Fiction

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So I have been trying to get my head around the idea of writing some fiction for this blog, but I just can’t seem to get it in gear. I guess the main reason is I just don’t feel compelled to write anything that isn’t true. Also I have been thinking lately that it is somewhat condescending to subject you to some made up drivel that I profess to be highly fascinating and entertaining enough to post here. Who the fuck am I to take it upon myself to spin some yarn that will immerse you into a world that picks you up and carries you away, transforming you into a tiny babe in the arms of the mysterious and all-powerful story master. Then at the last minute I thought, oh what the hell…

The boy stood on the hill. He pulled at his shorts from the crotch and adjusted the bunch of his overstretched underwear until it escaped the crack of his ass and fell comfortably back over his cheeks. The top of the hill was small and pointed. There wasn’t that much to do now that he was up top. The wind pushed the long grass with large invisible hands. It moved it back and forth in a random-less pattern and in between pushed at his face and hair. It carried away the cries of his sister tangled somewhere in the grass below. She had been left behind against her will. 

He would get her on the way back and drag her home by one thin rubbery arm. Her sneakered feet tripping over themselves and kicking up dust as she whimpered on and off in protest. It didn’t matter what he did with her, she was rarely happy. She was what he decided, just born cranky. She was their favourite and he was her unwilling caretaker, extorted into caring for her and taking her along. In a perfect world he may have invited her as there was no one else around to accompany him anyways. On most days it was just the two of them dropped deep into the extending farmland surrounding them with insects and tall crops of wheatgrass and corn.

The hill was a good place. She was too young to make it up and he always left her at the bottom after promising to, this time, bring her to the summit. Sometime she fought her hardest to try and climb with him but if she did he would usually push her back causing her to fall and skin a knee or elbow. The rich earth would cloud up around her and stick to the sweat of her brow and neck, cling to the clear mucus below her nose.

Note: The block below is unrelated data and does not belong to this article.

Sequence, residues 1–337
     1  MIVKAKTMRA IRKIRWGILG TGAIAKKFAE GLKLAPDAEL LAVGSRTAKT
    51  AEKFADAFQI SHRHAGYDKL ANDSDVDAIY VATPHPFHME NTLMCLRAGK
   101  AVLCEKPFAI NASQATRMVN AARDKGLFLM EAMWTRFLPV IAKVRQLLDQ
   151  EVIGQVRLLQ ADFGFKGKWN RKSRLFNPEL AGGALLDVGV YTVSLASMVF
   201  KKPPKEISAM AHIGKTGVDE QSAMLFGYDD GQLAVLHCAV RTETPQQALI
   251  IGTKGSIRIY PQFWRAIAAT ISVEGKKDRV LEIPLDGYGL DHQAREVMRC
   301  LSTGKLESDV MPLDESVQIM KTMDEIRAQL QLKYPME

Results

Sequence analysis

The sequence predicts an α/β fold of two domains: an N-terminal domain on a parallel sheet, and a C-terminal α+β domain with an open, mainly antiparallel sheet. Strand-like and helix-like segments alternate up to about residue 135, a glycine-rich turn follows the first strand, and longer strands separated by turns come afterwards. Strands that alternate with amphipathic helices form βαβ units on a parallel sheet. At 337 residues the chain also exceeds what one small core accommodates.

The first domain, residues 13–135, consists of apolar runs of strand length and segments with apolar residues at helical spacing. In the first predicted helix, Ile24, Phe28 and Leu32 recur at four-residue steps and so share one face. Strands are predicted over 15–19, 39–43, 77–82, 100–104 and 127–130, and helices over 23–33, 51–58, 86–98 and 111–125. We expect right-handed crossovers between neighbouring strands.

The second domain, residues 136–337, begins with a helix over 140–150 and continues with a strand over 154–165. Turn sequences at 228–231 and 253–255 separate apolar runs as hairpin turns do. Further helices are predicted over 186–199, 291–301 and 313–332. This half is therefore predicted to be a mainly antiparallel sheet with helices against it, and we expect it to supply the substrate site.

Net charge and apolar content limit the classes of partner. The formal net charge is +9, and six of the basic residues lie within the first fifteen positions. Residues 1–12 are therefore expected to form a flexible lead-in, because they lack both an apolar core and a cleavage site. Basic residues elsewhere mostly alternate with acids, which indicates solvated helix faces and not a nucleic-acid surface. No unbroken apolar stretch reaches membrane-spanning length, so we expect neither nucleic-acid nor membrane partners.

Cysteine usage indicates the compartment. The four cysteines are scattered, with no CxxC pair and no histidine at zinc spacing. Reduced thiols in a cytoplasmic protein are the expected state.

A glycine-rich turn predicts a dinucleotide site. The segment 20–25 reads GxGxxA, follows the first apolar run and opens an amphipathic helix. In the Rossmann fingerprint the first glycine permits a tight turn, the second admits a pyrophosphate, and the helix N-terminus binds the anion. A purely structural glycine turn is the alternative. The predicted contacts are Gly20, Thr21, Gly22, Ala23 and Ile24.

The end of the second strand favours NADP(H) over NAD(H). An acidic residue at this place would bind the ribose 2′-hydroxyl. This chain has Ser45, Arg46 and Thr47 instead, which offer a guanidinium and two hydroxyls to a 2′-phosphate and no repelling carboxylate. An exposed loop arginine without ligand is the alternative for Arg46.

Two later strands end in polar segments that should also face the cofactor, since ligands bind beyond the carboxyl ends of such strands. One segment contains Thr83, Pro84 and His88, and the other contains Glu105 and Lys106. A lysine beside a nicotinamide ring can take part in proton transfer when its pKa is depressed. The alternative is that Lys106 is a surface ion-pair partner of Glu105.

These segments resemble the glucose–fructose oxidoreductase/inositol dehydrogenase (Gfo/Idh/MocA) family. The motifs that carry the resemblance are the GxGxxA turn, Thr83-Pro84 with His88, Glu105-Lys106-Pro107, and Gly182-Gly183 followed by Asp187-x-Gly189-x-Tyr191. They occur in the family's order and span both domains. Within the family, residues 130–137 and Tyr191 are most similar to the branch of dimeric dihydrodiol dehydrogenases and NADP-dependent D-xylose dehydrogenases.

Mom would dump her into an unforgivingly hot bath and throw a sponge at her, then get back to her cigarettes and coffee.

The boy looked out over the fields and up into the sun. The moment was freedom to him. These summer days fading in and out around each other all running together. The hill the same every time he conquered it. He would soon return to his sister at the bottom once he grew bored of his solstice or could no longer tolerate the growing guilt for abandoning her. Did he push her a little to hard this time? She got back up before he left her. She was tougher that she looked. Besides, the dog always stayed with her, in between following through on the scent of a groundhog or two.

He pulled at a few stems of grass until they popped off and he turned them upside down to nip the tender light green shoots from where they had been separated from the stems – it was something his grandfather had taught him. Something he had seen him do while waiting for the cows to come up the hill to be escorted into the barn to get milked.

Some days at the neighbouring farm he and grandfather would head to the back of the barn to call the cows up and out of the pastures in the late afternoon. “CO BOOSS, CO BOOSS was the call and when it was yelled loud enough they would emerge from the trees and amble up to them, like zombies loping towards a car alarm. The boy never knew why the call was co-boss, his grandfather didn’t know either. It just was what they did, what grandfathers father did too.

In the faint distance the boy could hear her and the droning bark of the dog. it was as subtle a sound as the breathing of a kitten under the strength of the wind, but it was there. The boy arched his back and spun away from the sun. He tossed the spent stems of grass to one side and started to descend back down the hill. It was time to head home anyways.

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